Iraq's National Security Council, headed by the prime minister, has decided to mandate the oil ministry in Baghdad to coordinate the energy portfolio with the semi-autonomous Kurdistan Regional Government as well as concerned companies and countries, following the Federal Supreme Court ruling against independent Kurdish crude exports.
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"The council has decided to mandate the oil ministry to communicate and coordinate with the Kurdistan Regional Government and concerned companies and countries to prepare the mechanisms and steps to manage this [oil] file in accordance with the provisions of the constitution and the higher national interest," the media office of Prime Minister Mustafa al-Kadhimi said in a Feb. 16 statement following a council meeting.
The Kurdistan Regional Government has developed its own oil and gas sector independently from Baghdad based on a 2007 law and started to independently export crude oil through Turkey in 2014. The KRG oil policy led to disputes with the Baghdad government, which has cut the budget of the region.
The council also authorized the oil ministry to work with consultants and experts from Iraq and abroad to develop a technical roadmap and time-frame in this regard, the statement added.
A KRG spokesman could not immediately comment on the decision, but said a statement may be issued later.
The decision comes after the KRG rejected the top court's ruling against independent Kurdish exports and vowed to take legal and constitutional measures to protect its oil and gas contracts as the dispute between Erbil and Baghdad escalates.
Iraq's Federal Supreme Court ruled on Feb. 15 that the 2007 oil and gas law in the Kurdistan region is unconstitutional and ordered the Kurdish government to hand over its oil operations to Baghdad in an escalation in a long-standing dispute over Erbil's independent energy sales. The decision came amid political disputes in Baghdad between Iraqi parties over formation of the federal government following the October parliamentary elections.
"This decision by the Federal Supreme Court is unjust, unconstitutional, and violates the rights and constitutional authorities of the Kurdistan Region," the KRG said in a Feb. 15 statement. "It is unacceptable and the Court must investigate further and consider the requests of the Kurdistan Region."
"The Kurdistan Regional Government will take all constitutional, legal, and judicial measures to protect and preserve all contracts made in the oil and gas sector," it added.
A number of international oil companies and traders have contracts with the KRG, including Chevron, Oslo-listed DNO, Russia's Rosneft and Gazprom Neft and the UK's General Energy and Gulf Keystone Petroleum.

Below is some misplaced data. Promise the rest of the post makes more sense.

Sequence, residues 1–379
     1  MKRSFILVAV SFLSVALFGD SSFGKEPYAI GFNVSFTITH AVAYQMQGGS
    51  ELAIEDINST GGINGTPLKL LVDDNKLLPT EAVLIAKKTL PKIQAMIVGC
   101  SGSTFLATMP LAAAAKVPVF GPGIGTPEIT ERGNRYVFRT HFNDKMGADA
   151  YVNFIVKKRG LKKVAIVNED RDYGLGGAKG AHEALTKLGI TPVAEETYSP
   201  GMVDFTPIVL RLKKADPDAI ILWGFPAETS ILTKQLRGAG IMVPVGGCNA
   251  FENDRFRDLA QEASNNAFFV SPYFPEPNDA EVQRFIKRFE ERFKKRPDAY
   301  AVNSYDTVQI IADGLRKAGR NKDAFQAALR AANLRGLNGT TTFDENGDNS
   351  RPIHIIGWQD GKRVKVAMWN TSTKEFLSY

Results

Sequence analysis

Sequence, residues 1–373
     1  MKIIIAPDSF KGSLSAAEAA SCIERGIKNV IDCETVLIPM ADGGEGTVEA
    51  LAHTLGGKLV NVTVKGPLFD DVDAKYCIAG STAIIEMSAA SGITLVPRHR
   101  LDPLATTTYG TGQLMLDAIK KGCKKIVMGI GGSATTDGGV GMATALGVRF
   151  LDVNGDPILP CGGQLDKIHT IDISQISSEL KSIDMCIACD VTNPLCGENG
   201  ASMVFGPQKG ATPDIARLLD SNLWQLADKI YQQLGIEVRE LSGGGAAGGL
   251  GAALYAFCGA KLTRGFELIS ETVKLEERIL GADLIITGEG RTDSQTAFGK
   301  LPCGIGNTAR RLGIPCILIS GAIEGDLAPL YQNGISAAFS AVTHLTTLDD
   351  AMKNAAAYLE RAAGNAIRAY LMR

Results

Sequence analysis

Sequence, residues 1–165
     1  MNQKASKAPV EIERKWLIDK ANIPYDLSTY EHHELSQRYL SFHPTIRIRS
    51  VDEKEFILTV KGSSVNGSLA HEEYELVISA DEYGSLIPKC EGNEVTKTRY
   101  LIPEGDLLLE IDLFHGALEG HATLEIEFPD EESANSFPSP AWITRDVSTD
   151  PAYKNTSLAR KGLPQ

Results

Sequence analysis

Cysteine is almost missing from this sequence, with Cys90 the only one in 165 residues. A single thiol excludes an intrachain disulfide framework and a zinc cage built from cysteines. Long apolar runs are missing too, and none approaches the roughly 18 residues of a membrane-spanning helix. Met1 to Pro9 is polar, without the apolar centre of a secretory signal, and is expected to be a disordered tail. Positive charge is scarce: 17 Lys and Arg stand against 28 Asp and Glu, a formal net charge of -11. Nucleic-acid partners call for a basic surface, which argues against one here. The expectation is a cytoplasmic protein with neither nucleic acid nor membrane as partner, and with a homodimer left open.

"The Kurdistan Regional Government will not forfeit the rights of the Kurdistan Region as codified in the Iraqi Constitution and will continue its attempts to reach a constitutional solution with the federal government on this matter," it said. "This decision was reached in spite of the Kurdistan Regional Government's request that the case be adjourned to allow the opportunity for an agreement to be reached with the federal government."
The ruling may undermine investor confidence in Kurdistan, which wants to attract foreign capital to further develop its oil and gas industry. Kurdistan pumped 425,000 b/d out of the country's total of 4.162 million b/d in January, according to figures from State Oil Marketing Organization.
"International investments and cargoes of independently-sold crude are unlikely to be affected unless the federal government uses the ruling to restart the kinds of international enforcement actions it attempted when the KRG's independent oil exports first began in 2014," said Patrick Osgood, a senior analyst at Control Risks Middle East.
"The ruling is nonetheless likely to materially adversely impact investor perceptions of regulatory risks in the sector. The legal status of the region's oil sector had never been dispositively settled. It is open to significant challenge now, should the next federal government pursue it."
The ruling comes amid tensions in Baghdad over the candidate for the Iraqi presidency after the supreme court dismissed on Feb. 13 the Kurdish nominee Hoshyar Zebari. The ruling Kurdistan Democratic Party supported Zebari as a candidate, while the Patriotic Union of Kurdistan, or PUK, backs Barham Salih, the current Iraqi president.
The KDP is allied to the populist cleric Muqtada al-Sadr, the winner of October's parliamentary elections, and Sunni parties, who hope to form a majority Iraqi government without Iranian-backed groups.
The Iran-backed Coordination Framework, an alliance of Shi'ite-parties close to Tehran, has backed Barham Salih as a candidate and wants a consensus government. The Coordination Framework includes former Iraqi prime minister Nouri al-Maliki, whose government has in the past opposed Kurdish oil exports.
The ruling could further complicate tense ties with the federal government amid the prolonged government formation process.
"Government formation negotiations remain febrile, and the incumbent prime minister is beholden to an alliance of parties that includes the Kurdistan Democratic Party, which dominates the region's oil sector policy and management," Osgood said.